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Alleged hackers are cutting deals to cooperate, giving law enforcement new insight into cybercrime crews. But first…

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Cyber informants

Global law enforcement agencies have shown a limited ability to slow cybercrime, with thieves using email scams, digital extortion and cryptocurrency theft to

rack up $6.9 billion in illicit revenue from American victims last year. And thats only the crimes we know about.

The weakness for digital crime groups may prove to be the same one that helped the feds crack open the Mafia: insiders who agree to cooperate.

Thats where people like Sebastien Vachon-Desjardins come in.

The Canadian man, who lived in Quebec and worked for a government agency,

agreed last month to plead guilty to charges that he helped the NetWalker ransomware gang convert Bitcoin into Canadian cash. Vachon-Desjardins also agreed to provide information about other suspected scammers and testify as a prosecution witness.

It’s the kind of information that could go a long way toward helping law enforcement take action against NetWalker, a hacking crew that

researchers say has made $50 million in the past two years.

Inside details about a cybercrime group can help police pinpoint members locations and help security personnel know the specific hacking techniques to guard against, security executives previously told me. Its pretty awesome, one longtime investigator

said in March, when internal chats from a ransomware gang spilled online.

For a defendant, cooperation could mean naming names, giving police access to accounts on illicit marketplaces or helping the feds find holes in a popular strain of malicious software so they can take it down, said Arkady Bukh, a longtime defense attorney who has represented hackers and brokered such deals.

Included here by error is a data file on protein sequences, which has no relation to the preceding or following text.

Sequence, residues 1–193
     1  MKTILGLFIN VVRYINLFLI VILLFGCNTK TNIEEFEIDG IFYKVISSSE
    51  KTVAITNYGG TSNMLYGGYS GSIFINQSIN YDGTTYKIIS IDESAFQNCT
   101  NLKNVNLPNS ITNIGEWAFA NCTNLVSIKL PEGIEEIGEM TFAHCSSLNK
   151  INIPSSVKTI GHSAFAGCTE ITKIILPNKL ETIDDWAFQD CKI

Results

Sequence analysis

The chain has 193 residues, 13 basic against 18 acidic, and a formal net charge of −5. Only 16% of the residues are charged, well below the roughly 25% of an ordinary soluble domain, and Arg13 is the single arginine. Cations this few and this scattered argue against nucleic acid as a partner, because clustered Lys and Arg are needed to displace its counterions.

Its about creating a business plan for them that puts the defendant in the best position, Bukh told me. Sometimes the government is a tough customer. They always want more.

Previous cases hint at the value of a cooperating witness in unraveling cyber crimes. Dmitry Smilyanets, who pleaded guilty to the sale of stolen financial data before embarking on a career in cybersecurity,

recently told the Wall Street Journal that he helped police arrest more than nine suspected scammers.

In 2014, a former member of the hacking outfit Anonymous walked free after working undercover offering what a judge described as an extraordinary level of cooperation. The hacker, Hector Monsegur, didnt hesitate to flip,

his attorneys said at the time, because of a desire to stay home and help his children avoid the foster care system. After putting Anonymous on the map with attacks on MasterCard and PayPal, Monsegur, whose hacker name was Sabu, turned up information that resulted in arrests of eight other people,

prosecutors said in court.

Its not always clear why authorities cut hackers a break. Vladislav Horohorin, a hacker who used the moniker BadB,

received a reduced sentence in 2012. Horohorin didnt respond to a request for comment, and Bukh declined to answer questions about whether his former client provided information to the FBI. Bukh said only that Horohorin is now free and that hes trying to help Ukraine by launching cyberattacks against Russian systems. Bukh added: Its a valuable skill many people dont have.

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